The Wrong Pills
12 November – 3 December 2011
Opening Saturday 12 November at 14:00
Willie Saayman’s first solo exhibition at GALLERY AOP teems with images of zombie-like figures. His drawings, whether oil-based media or pencil on paper, abound with figures that seem to float in an indeterminate, entropic space, often filled with graffiti-like writing that hovers in mid-air around them. They inadvertently occupy one’s perception with bewildering and yet oddly familiar mask-like figures that combine to have a weird effect, best described as a ‘disquieting strangeness’. The strangeness of Saayman’s figures can, however, be related to similar type of figures found in the work of James Ensor, Jean Dubuffet, Jean-Michel Basquiat and A R Penck.
“The figures, or characters as I would like to call them, are influenced by graphic novels. The same characters appear in different works, sometimes shifting roles and making one question whether it is their morality that changes depending on their circumstances, or not. They tell the stories of outsiders, vagrant characters and transient beings. These figures are also often cropped in a manner that is more akin to the processes one associates with storyboards and with photography. There is darkness in the figures of these new works, but humour too, however wry or grim. There is still a lot of blood in these works but it seems as if the carnage is more vibrant, orchestrated than before. In my stories it is difficult to tell whether the good guys are really good or merely indulging their darker sides.”
Saayman’s art draws on a long tradition of graffiti art, as well as other traditions of outsider art, and street art: punk, children’s art, skater culture and graphic novels. His latest body of work also summons memories from his youth growing up surfing at a time when surfers were seen to be transgressive.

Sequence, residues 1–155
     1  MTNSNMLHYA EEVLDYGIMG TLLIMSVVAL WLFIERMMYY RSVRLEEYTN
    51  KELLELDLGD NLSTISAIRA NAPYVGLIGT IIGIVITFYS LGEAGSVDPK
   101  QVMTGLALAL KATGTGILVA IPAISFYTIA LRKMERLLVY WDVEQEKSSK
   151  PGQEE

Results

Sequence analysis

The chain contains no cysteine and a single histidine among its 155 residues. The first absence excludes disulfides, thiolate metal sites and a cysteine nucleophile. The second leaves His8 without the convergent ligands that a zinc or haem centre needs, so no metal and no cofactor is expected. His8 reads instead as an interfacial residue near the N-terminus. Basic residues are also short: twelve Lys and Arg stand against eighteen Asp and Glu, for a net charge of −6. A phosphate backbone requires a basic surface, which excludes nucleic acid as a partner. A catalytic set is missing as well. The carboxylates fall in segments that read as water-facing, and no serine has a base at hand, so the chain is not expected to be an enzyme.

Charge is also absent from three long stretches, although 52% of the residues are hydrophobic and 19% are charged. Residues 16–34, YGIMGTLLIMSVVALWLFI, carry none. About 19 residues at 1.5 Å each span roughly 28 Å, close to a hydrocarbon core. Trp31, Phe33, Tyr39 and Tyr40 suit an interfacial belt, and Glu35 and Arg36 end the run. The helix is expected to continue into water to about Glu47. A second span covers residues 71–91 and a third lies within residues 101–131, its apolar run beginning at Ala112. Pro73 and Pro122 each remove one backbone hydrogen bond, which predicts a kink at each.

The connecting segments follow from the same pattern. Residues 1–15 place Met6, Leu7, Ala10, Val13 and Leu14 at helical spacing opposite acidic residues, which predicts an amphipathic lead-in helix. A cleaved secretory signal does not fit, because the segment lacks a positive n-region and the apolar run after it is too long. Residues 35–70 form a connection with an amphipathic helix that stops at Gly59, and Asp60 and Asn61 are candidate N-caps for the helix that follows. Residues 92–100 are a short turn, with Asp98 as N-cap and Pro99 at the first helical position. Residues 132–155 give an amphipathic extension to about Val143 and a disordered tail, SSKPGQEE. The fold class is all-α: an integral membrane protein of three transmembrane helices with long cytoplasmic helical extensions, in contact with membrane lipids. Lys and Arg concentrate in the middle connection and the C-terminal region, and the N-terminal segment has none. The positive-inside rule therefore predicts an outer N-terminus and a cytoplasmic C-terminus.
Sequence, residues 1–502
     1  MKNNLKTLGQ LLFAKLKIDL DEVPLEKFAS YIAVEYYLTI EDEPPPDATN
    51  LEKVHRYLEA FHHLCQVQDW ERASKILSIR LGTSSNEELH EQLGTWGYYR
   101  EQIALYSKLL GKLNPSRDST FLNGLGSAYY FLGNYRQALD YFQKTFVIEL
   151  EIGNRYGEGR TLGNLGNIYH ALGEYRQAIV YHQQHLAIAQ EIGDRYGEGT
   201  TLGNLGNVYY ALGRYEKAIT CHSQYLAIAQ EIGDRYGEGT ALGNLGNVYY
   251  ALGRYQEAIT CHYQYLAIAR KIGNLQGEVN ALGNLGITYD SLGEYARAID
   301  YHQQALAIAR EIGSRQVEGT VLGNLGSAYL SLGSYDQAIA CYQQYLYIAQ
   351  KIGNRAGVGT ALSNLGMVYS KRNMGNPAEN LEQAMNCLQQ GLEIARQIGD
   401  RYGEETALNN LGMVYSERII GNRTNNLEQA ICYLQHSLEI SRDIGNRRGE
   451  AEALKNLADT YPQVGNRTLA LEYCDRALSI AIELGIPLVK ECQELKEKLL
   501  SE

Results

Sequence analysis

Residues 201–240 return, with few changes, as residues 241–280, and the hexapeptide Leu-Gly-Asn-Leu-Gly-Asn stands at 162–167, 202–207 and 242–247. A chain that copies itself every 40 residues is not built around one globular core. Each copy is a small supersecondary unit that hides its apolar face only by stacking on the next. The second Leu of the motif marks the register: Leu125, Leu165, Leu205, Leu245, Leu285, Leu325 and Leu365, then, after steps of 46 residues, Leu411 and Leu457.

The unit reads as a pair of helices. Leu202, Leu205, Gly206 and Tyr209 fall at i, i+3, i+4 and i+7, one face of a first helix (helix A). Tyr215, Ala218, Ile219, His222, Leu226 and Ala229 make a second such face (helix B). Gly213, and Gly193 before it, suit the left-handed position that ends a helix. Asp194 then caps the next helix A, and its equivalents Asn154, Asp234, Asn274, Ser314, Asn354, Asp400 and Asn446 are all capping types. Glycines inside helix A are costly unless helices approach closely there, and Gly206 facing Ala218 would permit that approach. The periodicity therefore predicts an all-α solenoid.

Saayman’s interest in graffiti art can be traced back to him discovering the work of the Hungarian photographer Georges Brassaï. After World War I Brassaï moved to Paris where he was fascinated by the graffiti in the city. For years he documented the idiosyncratic, jarred, and cryptic marks on walls, tunnels, fences and gates that expressed the desires of ordinary citizens who wanted to leave behind some personal, permanent trace in what had been traumatic times. A record of the streets, these layers of marks were palimpsests: words that could not be spoken, pictures that could not be shown, the quiet desires of people laid bare anonymously in a way that was raw, unexpected and shocking. In Brassaï’s works there was no pretense – the streets did not lie. The little bits of text in Saayman’s drawings are actually cryptic ciphers: he removes most of the vowels from the words in the titles of the images, cajoling the viewer into trying to make sense of the jumbled letters.
Reflected in Saayman’s work one identifies a trend towards reviving such categories as originality, primitivism, and authenticity, attempting through them to renew and revitalize art itself. It is part of the burgeoning popular interest in ‘alternative’ visual phenomena of all kinds – vintage styles, kitsch, graffiti, zine culture, handmade objects – and a certain post-modern ‘de-skilling’ in art practice. Saayman’s art is a form of art, although defying all conventions of painterly traditions, that all can understand, indeed that all can practice. His art celebrates the fact that some people, for some reason or another, have escaped cultural conditioning and social conformism and have invented new practices and have come to occupy new spaces.
Willie Saayman was born in Robertson, Western Cape in 1962 and attended Jan van Riebeeck High School in Cape Town. His first solo exhibition was mounted at the Association for Visual Arts, Cape Town in 1990. At the time, Iziko South African National Gallery acquired a video work of his, Channel Zero – An Evening’s Viewing. He had solo exhibitions in Johannesburg and Cape Town in 1992, 1999 and in 2007. He was part of the seminal group drawing exhibition, Draw Links at GALLERY AOP in October 2010 and some of his drawings from this show were acquired by the Johannesburg Art Gallery. Willie Saayman lives in Johannesburg and edits television commercials for a living.